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Contact Tracing

Updated: Monday, Aug. 24, 2020

Contact tracing is an important tool to identify potential direct contacts of a COVID-19-positive person. A direct contact is defined as: a) being within approximately 6 feet of a COVID-19 case for at least 10 consecutive minutes; OR b) having direct contact with infectious secretions of a COVID-19 case (e.g., being coughed on or sneezed on). 

Individuals at a greater distance than 6 feet, for longer than 10 minutes would be considered contacts of a lower risk and would not need to self-quarantine for 14 days.  These individuals would continue to self-monitor for COVID-19 symptoms on daily basis.

The University will collaborate with Monmouth County Regional Health Commission (MCRHC) No. 1 using a case management model to perform contract tracing for employees and students. The COVID-19 Contact Tracing Team will be responsible for expediting contact tracing within the parameters of the Monmouth University community while MCRHC will extend contact tracing in the greater community.  

Health Services will notify the Contact Tracing Team of any student or employee who tests positive. Contact tracers are responsible for following up on any direct contacts, providing COVID-19 information/resources and communicating quarantine guidelines/parameters.   

Visitor logs will be required for all non-Monmouth University community members, such as delivery persons, maintenance and repair persons, prospective students and families, or others that are entering any building of the University.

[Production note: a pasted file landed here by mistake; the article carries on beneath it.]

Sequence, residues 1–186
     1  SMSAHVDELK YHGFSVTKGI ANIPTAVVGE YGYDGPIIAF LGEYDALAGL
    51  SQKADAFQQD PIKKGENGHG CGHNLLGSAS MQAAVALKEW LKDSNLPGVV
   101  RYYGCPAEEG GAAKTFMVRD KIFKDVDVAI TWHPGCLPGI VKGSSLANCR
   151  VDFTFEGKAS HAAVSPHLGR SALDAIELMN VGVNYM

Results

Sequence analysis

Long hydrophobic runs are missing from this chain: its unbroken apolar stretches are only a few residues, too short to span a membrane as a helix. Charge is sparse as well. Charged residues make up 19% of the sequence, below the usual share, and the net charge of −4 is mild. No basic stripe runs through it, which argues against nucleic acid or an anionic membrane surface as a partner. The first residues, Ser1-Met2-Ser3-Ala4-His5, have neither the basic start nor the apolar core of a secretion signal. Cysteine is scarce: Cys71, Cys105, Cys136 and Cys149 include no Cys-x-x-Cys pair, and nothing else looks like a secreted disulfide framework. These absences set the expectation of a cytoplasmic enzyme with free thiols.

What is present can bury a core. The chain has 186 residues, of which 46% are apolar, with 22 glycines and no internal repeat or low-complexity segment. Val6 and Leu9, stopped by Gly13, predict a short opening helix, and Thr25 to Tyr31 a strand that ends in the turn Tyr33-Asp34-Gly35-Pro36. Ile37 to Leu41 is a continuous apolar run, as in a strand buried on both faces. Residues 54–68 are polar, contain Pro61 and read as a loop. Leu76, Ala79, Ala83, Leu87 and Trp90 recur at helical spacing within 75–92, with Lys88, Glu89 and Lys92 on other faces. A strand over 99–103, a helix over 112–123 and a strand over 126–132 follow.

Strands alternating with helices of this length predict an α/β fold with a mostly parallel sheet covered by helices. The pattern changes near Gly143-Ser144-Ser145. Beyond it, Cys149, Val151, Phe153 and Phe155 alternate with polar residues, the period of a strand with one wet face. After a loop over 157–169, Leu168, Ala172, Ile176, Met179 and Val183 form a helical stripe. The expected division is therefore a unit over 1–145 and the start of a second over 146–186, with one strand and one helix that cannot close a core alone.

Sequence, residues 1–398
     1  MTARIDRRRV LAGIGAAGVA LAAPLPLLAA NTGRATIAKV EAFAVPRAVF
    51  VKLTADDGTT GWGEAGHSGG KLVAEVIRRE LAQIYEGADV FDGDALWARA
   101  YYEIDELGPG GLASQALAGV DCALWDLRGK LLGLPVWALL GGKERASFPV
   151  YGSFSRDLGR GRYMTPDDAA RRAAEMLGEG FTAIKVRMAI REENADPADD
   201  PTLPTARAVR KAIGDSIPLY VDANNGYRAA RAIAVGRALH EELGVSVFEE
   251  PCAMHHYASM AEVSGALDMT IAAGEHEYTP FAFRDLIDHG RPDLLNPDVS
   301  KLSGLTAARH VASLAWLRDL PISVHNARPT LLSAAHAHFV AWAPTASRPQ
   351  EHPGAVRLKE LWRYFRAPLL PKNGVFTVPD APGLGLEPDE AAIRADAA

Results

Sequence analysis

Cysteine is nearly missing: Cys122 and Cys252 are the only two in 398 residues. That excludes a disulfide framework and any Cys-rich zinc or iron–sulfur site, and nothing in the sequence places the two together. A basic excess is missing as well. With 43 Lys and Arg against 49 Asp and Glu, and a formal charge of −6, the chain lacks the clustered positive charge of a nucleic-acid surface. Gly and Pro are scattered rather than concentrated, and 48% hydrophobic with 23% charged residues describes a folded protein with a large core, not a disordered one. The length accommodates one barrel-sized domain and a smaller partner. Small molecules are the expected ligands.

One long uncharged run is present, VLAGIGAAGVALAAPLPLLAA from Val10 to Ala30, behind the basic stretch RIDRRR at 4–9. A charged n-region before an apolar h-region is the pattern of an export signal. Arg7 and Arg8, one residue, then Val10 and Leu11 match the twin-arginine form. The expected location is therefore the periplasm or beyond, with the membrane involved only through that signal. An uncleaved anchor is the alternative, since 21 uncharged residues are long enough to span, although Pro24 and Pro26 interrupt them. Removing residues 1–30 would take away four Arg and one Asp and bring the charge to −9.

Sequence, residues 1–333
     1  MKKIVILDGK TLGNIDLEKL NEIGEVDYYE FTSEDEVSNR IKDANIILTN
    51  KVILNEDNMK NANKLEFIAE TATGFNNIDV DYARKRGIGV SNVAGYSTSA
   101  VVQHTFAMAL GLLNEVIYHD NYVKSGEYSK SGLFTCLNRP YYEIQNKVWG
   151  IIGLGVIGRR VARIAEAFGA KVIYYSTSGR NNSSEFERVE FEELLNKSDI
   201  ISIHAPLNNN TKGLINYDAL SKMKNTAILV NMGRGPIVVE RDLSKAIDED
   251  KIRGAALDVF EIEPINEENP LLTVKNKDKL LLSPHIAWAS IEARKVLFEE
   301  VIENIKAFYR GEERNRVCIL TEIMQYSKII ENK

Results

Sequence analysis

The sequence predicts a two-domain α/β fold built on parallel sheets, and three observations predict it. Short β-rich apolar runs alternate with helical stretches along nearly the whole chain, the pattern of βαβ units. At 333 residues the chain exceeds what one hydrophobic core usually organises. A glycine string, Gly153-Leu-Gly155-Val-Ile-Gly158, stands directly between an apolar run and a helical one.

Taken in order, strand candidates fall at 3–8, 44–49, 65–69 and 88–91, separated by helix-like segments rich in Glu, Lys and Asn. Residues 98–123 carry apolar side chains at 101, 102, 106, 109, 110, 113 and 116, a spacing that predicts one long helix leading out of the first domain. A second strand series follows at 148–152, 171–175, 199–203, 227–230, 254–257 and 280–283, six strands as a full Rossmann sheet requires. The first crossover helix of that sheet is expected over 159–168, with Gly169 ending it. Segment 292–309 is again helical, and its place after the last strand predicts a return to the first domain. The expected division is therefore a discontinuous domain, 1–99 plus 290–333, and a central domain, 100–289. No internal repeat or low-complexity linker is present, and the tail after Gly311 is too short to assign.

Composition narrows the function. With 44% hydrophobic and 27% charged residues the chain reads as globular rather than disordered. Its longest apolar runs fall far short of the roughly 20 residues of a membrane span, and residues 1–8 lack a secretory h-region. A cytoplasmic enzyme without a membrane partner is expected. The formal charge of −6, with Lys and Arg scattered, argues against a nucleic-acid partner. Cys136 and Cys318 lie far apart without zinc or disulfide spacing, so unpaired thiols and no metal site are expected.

Whenever practical, visitor logs will be stored in digital format. Information Management will provide assistance in meeting this requirement to include digitization of paper logs and/or software implementation such as EMS Room Management system. The visitor logs will be available to contract tracers, and be shared with the MCRHC to supplement tracking of any known contacts outside of the campus such as student workplace contacts or clinical placements. Contact tracing for employees, commuter students, and contiguous community contacts of residential students, is the responsibility of the public health agency with jurisdiction over the community in which the person resides. 

The University’s plans and protocols are subject to change in response to evolving guidance from local, state, and federal government and public health officials. We will continue to update this website regularly and encourage you to check back often for the most up-to-date information.